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Isaac Asimov’s Advice To Creatives? Waste Other People’s Time And Money

The sci-fi legend explains that good ideas come from a willingness to get paid for doing nothing.

Isaac Asimov’s Advice To Creatives? Waste Other People’s Time And Money

With tens of thousands of books, short stories, articles, and reviews to his credit, science-fiction writer Isaac Asimov may have been one of the most prolific creatives of the 20th century. But what did the I, Robot and Foundation author think was the most important elements of the creative life? Isolation, a good work ethic, and a willingness to waste other people’s time and money.

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In a never-before-published essay first written in 1959, Asimov mulls over where great, world-changing ideas actually come from. The importance of a solid work ethic almost goes saying, but Asimov makes a strong argument that isolation is just as important.

My feeling is that as far as creativity is concerned, isolation is required. The creative person is, in any case, continually working at it. His mind is shuffling his information at all times, even when he is not conscious of it. (The famous example of Kekule working out the structure of benzene in his sleep is well-known.)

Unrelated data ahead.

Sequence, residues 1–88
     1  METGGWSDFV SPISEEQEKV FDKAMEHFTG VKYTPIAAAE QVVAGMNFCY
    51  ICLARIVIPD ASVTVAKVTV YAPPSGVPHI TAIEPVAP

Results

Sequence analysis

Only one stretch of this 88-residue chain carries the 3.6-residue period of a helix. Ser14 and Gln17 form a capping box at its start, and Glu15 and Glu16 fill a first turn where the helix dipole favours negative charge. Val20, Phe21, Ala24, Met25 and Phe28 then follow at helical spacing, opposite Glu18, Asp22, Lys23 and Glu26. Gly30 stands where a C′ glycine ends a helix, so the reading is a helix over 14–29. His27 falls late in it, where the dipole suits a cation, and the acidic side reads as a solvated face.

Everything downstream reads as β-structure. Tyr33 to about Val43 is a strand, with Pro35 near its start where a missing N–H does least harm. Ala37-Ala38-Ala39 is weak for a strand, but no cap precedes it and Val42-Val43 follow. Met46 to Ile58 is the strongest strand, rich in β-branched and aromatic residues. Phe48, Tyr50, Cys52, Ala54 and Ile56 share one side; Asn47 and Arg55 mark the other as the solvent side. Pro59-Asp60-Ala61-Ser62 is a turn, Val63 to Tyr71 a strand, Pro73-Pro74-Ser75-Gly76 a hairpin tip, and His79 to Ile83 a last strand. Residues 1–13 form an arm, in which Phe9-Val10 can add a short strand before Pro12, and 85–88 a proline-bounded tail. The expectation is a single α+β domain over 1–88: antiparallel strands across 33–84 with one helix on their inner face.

The presence of others can only inhibit this process, since creation is embarrassing. For every new good idea you have, there are a hundred, ten thousand foolish ones, which you naturally do not care to display.

But isolation is not enough. Asimov says that a creative person’s worst enemy isn’t distraction, but guilt over wasting a less creative person’s money.

Probably more inhibiting than anything else is a feeling of responsibility. The great ideas of the ages have come from people who weren’t paid to have great ideas, but were paid to be teachers or patent clerks or petty officials, or were not paid at all. The great ideas came as side issues.

To feel guilty because one has not earned one’s salary because one has not had a great idea is the surest way, it seems to me, of making it certain that no great idea will come in the next time either.

To Asimov, then, creativity ultimately came from having the entire playground of the mind all to himself: no distractions, no people, and no responsibility, even if that means slacking off. So next time your boss catches you working on a personal project instead of a spreadsheet, don’t feel bad about it. Asimov approves.

Read the full essay here.

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